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A pioneering path

Featured Cathy Hobson: “At 15, I decided I wanted to be a pilot. It was when I was learning to fly and I was asked ‘what do you want to be?’ Before that, I’d wanted to be a schoolteacher." Photo: Dubbo Weekender Cathy Hobson: “At 15, I decided I wanted to be a pilot. It was when I was learning to fly and I was asked ‘what do you want to be?’ Before that, I’d wanted to be a schoolteacher." Photo: Dubbo Weekender

Retracing the footsteps of fellow aviator Nancy Ellis-Leebold led Cathy Hobson to the tarmac at Dubbo Aero Club. But, as Weekender discovered, their stories, although decades apart, are intertwined.

Cathy Hobson has much more in common with the late Nancy Ellis-Leebold than she realises. Both have been female aviators in a male-dominated industry, trailblazers in their field and have received acclaim at international level as recipients of the 99s Amelia Earhart Memorial Scholarship (AEMS). The award allows licensed female pilots to advance their training and education in aviation and aerospace and is named after the pioneering American aviator and author.

In Hobson’s words, “it encourages women to keep flying”.

Amelia Earhart was the first female aviator to fly solo across the Atlantic Ocean and received the US Distinguished Flying Cross for this record. Leebold achieved similar acclaim after flying a Miles Messenger from England to Australia, as Hobson found when the award they share led her to discover more about her predecessor’s life and achievements.

“When I received the scholarship in 2007, I asked the organisers if there were any other Australian recipients and it turns out there were five,” she explains.

Research on the award recipients was done as part of Hobson’s Masters of Business Administration in aviation management from which she graduated with distinction.

But Hobson remained intrigued by Leebold’s story and fairly soon, her quest for information took flight.

“When I researched Nancy Ellis-Leebold, I was astounded by my lack of knowledge about this great lady.

“Her peers described her as a friendly, quiet and well-spoken lady and I found a 1965 quote from Nancy Bird-Walton, who called her the “most highly qualified and active flying woman in Australia”.”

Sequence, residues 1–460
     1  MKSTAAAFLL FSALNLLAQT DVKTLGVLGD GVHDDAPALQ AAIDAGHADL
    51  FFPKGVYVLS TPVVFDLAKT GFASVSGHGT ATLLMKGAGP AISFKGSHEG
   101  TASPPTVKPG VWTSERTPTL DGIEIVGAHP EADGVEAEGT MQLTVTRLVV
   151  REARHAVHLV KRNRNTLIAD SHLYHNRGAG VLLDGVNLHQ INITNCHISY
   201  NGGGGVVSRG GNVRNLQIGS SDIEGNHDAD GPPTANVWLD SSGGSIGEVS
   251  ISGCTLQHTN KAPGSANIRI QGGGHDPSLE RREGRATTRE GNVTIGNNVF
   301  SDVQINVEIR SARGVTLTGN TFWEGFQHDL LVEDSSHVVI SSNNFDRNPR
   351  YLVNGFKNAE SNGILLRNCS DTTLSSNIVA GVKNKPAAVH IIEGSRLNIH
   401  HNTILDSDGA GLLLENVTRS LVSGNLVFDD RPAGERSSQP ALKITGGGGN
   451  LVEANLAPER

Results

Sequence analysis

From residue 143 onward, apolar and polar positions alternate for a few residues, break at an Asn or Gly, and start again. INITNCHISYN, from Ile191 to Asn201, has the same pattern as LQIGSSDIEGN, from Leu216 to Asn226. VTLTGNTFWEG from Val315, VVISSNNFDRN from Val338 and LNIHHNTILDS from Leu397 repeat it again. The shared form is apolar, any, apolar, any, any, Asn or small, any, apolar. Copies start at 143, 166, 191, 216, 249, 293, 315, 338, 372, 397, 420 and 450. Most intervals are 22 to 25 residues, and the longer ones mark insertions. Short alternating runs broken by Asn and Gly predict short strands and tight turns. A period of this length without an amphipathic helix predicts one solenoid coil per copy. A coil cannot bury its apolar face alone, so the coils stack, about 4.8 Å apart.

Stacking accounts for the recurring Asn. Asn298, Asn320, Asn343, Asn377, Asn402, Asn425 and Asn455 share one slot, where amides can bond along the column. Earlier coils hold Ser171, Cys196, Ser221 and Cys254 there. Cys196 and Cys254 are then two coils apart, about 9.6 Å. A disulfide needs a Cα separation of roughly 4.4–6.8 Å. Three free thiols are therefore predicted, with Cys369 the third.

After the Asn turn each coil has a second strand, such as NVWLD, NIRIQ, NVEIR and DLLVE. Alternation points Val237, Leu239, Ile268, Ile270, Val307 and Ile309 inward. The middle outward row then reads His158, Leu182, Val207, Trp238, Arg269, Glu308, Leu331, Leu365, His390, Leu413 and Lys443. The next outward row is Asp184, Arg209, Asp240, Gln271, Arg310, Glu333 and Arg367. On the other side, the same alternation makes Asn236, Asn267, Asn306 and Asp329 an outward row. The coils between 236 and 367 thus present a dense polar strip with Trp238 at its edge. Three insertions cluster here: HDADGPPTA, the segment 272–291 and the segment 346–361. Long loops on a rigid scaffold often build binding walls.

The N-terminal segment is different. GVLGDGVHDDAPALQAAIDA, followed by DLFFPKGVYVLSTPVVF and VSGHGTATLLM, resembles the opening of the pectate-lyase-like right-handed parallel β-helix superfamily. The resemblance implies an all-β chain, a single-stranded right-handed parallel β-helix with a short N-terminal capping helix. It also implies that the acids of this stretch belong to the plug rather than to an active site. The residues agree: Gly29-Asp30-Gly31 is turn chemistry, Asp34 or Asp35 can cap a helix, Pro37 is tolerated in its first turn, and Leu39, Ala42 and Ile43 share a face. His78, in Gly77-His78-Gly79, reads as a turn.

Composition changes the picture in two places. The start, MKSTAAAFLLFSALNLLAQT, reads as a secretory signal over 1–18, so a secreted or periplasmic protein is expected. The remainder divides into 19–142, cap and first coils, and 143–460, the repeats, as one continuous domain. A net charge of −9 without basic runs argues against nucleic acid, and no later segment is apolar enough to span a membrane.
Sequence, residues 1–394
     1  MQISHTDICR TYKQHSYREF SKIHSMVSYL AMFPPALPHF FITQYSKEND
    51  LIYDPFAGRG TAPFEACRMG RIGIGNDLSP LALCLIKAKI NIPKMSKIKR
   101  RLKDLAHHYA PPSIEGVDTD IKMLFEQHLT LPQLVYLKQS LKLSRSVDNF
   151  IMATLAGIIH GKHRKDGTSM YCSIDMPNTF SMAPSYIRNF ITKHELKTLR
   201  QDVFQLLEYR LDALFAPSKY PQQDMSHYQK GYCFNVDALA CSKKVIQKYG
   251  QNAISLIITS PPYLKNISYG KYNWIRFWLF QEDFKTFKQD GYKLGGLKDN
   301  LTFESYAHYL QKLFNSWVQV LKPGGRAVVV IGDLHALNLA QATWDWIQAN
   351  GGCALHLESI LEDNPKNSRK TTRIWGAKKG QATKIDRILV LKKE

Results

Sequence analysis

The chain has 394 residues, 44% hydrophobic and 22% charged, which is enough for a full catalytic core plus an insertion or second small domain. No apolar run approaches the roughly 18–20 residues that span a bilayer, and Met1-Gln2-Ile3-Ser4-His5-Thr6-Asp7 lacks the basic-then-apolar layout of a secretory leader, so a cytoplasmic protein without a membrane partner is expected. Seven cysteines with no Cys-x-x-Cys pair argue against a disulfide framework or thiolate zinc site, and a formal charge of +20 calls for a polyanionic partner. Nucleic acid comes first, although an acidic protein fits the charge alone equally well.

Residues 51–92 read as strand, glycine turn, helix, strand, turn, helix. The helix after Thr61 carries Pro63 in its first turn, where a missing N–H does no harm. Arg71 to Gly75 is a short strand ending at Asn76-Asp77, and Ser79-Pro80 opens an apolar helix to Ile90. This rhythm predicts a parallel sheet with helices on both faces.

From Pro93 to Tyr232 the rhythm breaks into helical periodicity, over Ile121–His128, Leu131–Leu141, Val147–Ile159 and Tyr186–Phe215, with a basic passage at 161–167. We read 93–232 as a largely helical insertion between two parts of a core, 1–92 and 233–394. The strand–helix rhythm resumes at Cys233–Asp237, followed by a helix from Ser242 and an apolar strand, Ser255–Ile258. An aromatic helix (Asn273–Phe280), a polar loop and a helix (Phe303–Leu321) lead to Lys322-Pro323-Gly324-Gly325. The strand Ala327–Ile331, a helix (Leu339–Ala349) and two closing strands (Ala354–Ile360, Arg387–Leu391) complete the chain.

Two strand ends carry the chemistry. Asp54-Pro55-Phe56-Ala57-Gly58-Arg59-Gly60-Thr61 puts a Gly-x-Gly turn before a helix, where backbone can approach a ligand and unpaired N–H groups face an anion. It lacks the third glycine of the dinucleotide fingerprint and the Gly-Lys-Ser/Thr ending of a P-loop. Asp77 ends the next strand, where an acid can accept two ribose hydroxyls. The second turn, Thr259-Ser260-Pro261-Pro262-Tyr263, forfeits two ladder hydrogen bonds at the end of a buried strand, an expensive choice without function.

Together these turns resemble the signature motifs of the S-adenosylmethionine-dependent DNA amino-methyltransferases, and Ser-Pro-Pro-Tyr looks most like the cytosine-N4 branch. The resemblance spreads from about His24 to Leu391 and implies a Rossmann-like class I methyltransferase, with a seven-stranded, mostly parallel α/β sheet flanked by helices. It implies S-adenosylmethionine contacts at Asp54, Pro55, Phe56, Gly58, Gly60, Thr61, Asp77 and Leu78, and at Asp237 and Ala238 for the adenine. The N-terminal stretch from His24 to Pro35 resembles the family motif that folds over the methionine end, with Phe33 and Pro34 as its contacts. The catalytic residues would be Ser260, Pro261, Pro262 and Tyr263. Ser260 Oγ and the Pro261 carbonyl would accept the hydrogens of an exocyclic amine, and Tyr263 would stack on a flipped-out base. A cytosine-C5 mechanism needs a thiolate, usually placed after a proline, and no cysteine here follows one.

The pair were actually good friends and Hobson too knew Walton quite well through the Australian Women’s Pilot Association of which Leebold was a founding member.

But there was a lot that wasn’t known about this amazing woman, and some details that had been incorrectly recorded. Hobson made it her mission to fill in the blanks. She believes that a biography of Nancy Ellis-Leebold is long overdue.

“I also found some quite conflicting information, so the research had to be authenticated before I could write anything about her.”

Nancy Ellis Leebold. Photo: Supplied

Born Nancy Ellis in 1915, Leebold learned to fly at Royal Aero Club, Mascot, the main Sydney airport where Hobson has also worked. Leebold initially started her working life on the World War II production line and in a pickle factory designing machinery. She also towed targets for air gunners’ practice and taught Morse code in the evenings before gaining her private pilot’s licence in 1942 and her commercial licence in 1946.

Leebold later achieved her instructor rating and worked for Kingsford Smith Aviation. In 1950, she became the first Australian woman to fly heavy aircraft, and was the First Officer of a Lockheed Lodestar for Air Cargo Pty Ltd.

In that year, she also became one of the 35 charter members of the Australian Women Pilots’ Association.

In 1952, she scored a trip to the USA and a flight in a Lockheed Shooting Star T33A, making her the first Australian woman to fly a jet aircraft. The following year, Leebold became the first Australian woman to work as a chief flying instructor (at Dubbo Aero Club) and gained a Queen Elizabeth II Coronation Medal the following year.

In 1954, she received her AEMS and became the inaugural overseas winner of the American-based scholarship and also the first Australian. She was also presented with the Silver Anniversary Award, as it was received in the 25th year since inception. Leebold used the funding to complete a Ground Engineering (Airframe & Engines) Mechanic certificate.